|Blind Chinese dissent Chen Guangcheng with his family|
Chen is part of what is called the “weiquan movement,” a group of “lawyers, activists, intellectuals and ordinary citizens who aim to push the boundaries of reform by using China’s existing laws and courts to defend human rights.” They are overwhelmingly Christian. Li Subin, one of the movement’s best-known activists, says that he takes his inspiration from Proverbs 21:3, “to do righteousness and justice is more acceptable to the Lord than sacrifice.”
The hearing opened as Chen remained incommunicado for more than 24 hours after being abandoned to Chinese officials by State Department officials after having been assured he was under U.S. protection. Chen is an outspoken critic of China's one-child forced abortion and sterilization policies.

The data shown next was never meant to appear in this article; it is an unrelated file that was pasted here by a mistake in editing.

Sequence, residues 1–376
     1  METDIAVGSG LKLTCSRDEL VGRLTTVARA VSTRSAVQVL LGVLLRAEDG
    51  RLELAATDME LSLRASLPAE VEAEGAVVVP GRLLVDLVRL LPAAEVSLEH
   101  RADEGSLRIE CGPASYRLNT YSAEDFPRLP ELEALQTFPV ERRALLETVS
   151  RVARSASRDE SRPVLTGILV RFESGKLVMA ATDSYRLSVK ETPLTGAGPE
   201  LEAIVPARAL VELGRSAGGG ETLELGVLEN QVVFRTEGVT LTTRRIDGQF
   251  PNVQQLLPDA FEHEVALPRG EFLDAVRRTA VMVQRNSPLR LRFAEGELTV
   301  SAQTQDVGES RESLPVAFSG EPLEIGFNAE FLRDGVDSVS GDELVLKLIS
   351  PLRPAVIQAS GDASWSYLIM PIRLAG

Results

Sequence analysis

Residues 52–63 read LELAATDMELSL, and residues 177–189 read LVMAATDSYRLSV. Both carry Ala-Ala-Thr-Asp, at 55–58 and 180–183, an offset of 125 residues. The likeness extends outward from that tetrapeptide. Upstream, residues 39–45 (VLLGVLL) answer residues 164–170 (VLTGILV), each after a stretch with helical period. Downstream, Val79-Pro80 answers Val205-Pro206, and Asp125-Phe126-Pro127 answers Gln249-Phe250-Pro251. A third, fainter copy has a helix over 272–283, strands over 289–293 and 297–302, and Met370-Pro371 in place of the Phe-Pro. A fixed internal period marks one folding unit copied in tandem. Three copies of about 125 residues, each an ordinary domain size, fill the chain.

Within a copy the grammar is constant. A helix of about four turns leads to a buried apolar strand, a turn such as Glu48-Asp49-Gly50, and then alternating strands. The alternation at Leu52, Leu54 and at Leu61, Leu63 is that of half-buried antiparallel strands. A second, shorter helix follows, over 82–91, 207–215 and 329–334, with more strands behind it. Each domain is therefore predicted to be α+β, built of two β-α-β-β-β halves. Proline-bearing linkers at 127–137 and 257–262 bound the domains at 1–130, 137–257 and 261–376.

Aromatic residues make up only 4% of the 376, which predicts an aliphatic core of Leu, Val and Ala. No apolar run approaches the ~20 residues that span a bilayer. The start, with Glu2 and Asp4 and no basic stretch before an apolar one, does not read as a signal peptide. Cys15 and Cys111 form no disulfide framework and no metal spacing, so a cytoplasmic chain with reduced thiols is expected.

Michael Horowitz, director of the Hudson Institute's Project for International Religious Liberty, called for the investigation of State Department Legal Advisor Harold Koh for his mishandling of the Chen case. Cao Yaxue, a Chinese-born American human rights advocate, described the importance of Chen's resistance to the Chinese government to hundreds of millions of Chinese citizens, who consider the U.S. Embassy to be an island of freedom in the vast expanse of government abuses.
Speaking by cell phone from a Chinese hospital to the hearings, Chen requested a meeting with U.S. Secretary of State Hillary Clinton while she is in Beijing with Treasury Secretary Timothy Geithner for trade talks with the Chinese government.
|George Bush meets with Chinese dissidents at the White House in 2007|